The coherence of the F206es’ driver outputs and the evenness of the speakers’ sound both on and off axis contributed to the expansive soundstages and precise images I heard in my room. These differed a little depending on which electronics I was using, but were always exceptional. With the Hegel H80 in the loop, images were highly defined on stages that, depending on the recording, extended to each speaker’s outer edge, and with depth that was consistently good, if not on a par with the very best. With the more expensive electronics, which are able to reveal more of what my recordings contain, the imaging became a touch more specific, and the stages of recordings that contained such information extended slightly beyond the outer limits of the speakers. Most impressive was that the depth improved markedly -- in this regard, the F206es were up there with the very best speakers I’ve heard at any price. This proved to me that it wasn’t the speakers that were limiting the stage, but the electronics.
For example, when I played the soundtrack to the film The Mission (16/44.1 FLAC, Virgin), the breadth and depth of soundstage equaled what the Polymer Audio Research MKSes had portrayed in my room. The Polymers are stellar in that regard -- and cost $42,000/pair. When I played tracks dominated by singers, such as “Long Road Home,” from Sade’s Soldier of Love (16/44.1 FLAC, Epic), Sade Adu’s voice hung as solidly and tangibly in space as it had through the Magico S5s, which I reviewed late last year and which cost some $30,000/pair. As I reveled in the Revels’ precise, expansive soundstage, the word that kept running through my mind was awesome.
All of this paints a picture of an accomplished loudspeaker -- and for its price, the F206 was just that. But, as with any loudspeaker, there were limitations, particularly when I compared it with speakers that are larger and/or cost more. For example, the F206’s bass extended as low as that of competitors of similar size and price, such as PSB’s Imagine T2 ($3500-$3850/pair), which I reviewed a couple of years ago. It also seemed to be somewhat tighter in the bass than the T2, regardless of which electronics I used. But it didn’t go as low as Definitive Technology’s Mythos ST-L, thanks mostly to the latter’s self-powered, DSP-controlled bass section, which delivers usable response from its main driver and passive radiators to below 30Hz -- really deep. However, the DefTech costs just over one-third more than the Revel. A fairer comparison would probably be between the ST-L and Revel’s own F208, which I obviously can’t make.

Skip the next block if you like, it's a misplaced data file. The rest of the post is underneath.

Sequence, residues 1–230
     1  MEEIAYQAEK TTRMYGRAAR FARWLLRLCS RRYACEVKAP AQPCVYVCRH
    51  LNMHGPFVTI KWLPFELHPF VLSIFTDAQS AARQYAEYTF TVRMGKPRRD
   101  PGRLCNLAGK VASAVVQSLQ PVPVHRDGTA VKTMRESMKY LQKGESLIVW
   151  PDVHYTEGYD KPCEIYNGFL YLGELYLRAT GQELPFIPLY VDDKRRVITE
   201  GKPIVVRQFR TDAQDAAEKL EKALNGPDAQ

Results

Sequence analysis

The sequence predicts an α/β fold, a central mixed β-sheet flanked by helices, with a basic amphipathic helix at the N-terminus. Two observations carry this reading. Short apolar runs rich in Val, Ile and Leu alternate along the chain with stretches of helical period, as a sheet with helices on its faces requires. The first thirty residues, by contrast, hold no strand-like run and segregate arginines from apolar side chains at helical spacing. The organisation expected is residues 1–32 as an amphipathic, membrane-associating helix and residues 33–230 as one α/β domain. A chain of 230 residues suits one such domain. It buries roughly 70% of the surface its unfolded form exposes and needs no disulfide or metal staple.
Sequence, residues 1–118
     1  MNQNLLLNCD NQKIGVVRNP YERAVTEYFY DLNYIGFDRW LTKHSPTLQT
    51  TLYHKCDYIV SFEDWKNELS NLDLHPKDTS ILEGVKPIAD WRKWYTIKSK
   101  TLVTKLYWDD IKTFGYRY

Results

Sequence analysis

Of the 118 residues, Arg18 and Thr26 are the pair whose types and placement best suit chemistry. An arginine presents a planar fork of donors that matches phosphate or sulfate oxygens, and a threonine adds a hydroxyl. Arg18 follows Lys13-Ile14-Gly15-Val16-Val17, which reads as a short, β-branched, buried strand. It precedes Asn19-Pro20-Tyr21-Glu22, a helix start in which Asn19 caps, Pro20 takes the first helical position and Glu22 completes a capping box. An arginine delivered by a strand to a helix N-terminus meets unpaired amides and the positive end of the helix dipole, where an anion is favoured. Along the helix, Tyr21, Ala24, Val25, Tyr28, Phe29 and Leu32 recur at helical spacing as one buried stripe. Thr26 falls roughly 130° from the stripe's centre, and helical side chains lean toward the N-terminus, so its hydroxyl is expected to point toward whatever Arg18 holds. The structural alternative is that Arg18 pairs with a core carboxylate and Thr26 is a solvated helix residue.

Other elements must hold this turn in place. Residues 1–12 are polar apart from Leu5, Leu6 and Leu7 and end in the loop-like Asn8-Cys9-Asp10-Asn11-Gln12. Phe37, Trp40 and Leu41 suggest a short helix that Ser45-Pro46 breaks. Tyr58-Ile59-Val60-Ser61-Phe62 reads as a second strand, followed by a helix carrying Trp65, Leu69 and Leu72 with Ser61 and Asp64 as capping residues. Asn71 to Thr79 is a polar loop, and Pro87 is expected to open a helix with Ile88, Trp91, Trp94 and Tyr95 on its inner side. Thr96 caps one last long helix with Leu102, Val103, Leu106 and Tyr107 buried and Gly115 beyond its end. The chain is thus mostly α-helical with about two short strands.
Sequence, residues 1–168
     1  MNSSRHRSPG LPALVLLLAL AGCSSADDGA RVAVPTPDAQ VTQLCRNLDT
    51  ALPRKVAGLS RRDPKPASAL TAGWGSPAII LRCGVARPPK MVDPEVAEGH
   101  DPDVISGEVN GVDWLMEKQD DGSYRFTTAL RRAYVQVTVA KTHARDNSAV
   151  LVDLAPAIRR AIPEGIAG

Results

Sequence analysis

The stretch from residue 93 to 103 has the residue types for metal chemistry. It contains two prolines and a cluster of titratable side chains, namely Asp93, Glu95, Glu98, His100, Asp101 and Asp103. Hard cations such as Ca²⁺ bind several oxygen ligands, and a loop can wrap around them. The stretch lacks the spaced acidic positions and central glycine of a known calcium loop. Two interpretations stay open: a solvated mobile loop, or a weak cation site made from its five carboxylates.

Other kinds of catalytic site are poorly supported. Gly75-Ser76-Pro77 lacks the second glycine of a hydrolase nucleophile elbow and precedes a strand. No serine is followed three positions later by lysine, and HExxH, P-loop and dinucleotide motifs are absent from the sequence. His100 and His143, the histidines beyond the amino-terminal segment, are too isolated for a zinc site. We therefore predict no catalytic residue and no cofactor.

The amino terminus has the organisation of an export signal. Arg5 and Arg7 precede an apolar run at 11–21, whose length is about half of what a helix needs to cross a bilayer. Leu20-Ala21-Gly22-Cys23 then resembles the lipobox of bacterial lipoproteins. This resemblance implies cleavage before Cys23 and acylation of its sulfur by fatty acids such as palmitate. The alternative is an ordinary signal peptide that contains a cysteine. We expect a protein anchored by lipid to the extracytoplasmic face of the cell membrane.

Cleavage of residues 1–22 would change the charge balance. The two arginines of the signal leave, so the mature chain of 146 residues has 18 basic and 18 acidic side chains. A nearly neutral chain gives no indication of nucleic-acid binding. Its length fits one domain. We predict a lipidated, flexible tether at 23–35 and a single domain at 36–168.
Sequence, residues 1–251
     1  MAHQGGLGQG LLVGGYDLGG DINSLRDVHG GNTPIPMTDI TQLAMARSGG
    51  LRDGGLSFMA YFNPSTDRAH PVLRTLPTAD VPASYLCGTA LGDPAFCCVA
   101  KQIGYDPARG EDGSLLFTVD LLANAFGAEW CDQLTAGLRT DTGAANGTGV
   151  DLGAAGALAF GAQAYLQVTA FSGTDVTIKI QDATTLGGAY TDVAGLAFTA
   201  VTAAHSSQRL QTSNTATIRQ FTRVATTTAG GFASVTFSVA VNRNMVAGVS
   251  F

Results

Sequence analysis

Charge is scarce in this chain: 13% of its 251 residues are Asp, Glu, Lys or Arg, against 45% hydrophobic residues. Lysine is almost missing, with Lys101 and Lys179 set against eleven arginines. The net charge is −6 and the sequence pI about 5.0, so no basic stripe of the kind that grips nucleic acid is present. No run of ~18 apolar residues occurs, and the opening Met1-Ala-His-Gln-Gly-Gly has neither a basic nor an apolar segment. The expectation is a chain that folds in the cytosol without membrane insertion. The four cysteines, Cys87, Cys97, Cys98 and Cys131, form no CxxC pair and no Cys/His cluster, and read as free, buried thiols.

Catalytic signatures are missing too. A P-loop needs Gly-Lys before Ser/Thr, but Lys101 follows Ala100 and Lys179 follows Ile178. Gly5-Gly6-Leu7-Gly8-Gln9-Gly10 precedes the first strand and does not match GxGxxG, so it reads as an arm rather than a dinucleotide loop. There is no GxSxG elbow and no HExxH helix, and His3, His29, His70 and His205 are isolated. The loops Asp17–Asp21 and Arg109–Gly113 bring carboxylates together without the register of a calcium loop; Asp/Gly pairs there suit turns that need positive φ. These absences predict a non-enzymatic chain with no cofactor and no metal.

Likewise, the F206’s top end was extended and as clean as, if not cleaner than, the T2’s, the Synchrony One’s, or the ST-L’s, which is notable given that two of those speakers cost considerably more. In fact, when I drove the F206es with the pricier electronics, I was consistently surprised by how refined its top end was -- there was no hint of hardness or edge that made me feel as if I were listening to a pair of speakers costing under $10,000. But, ultimately, the F206’s top end wasn’t as sweet as, say, the better beryllium-dome tweeters now on the market, and which Revel reserves for its pricey Ultima2 models.
Finally, due to the modest sizes of its cabinet and drivers, the F206, like the Imagine T2, couldn’t produce ultra-high SPLs or large-scale dynamics the way bigger speakers with bigger woofers can -- the former just can’t move as much air. For that, you might want to look to the F208.
Good things come to those who wait. Though Revel speakers take some time to come to fruition, the results aren’t merely good -- in the case of the Performa3 F206, they’re great. Its strengths are considerable: an exceptionally neutral balance across the audioband; excellent soundstaging and imaging that can compare to speakers at any price; and dazzling clarity in the midrange on a par with speakers costing much more. Understandably, the F206’s few limitations have mainly to do with its modest size and price: Unlike some larger, more expensive speakers, its bass doesn’t extend to the bottom octave, and it isn’t capable of large-scale dynamic swings or super-loud SPLs.
But if I had $3500 to spend on a pair of speakers right now, I’d buy a pair of Performa3 F206es over all others -- I love the speaker’s top-to-bottom neutrality, and especially its magical midrange, which did something special with voices. I also liked the way the review pair looked in my room, and appreciated the topnotch quality of their build and finish. And even if I had upward of $5000, this speaker would be on my very short list of the best of breed at that price -- it punches way above its asking price. With the Performa3 F206, Revel has, once again, knocked one out of the park.
. . . Doug Schneider
Revel Performa3 F206 Loudspeakers
Price: $3500 USD per pair.
Warranty: Five years parts and labor.
Harman Luxury Audio Group
8500 Balboa Blvd.
Northridge, CA 91329
Phone: (888) 691-4171, (203) 328-3500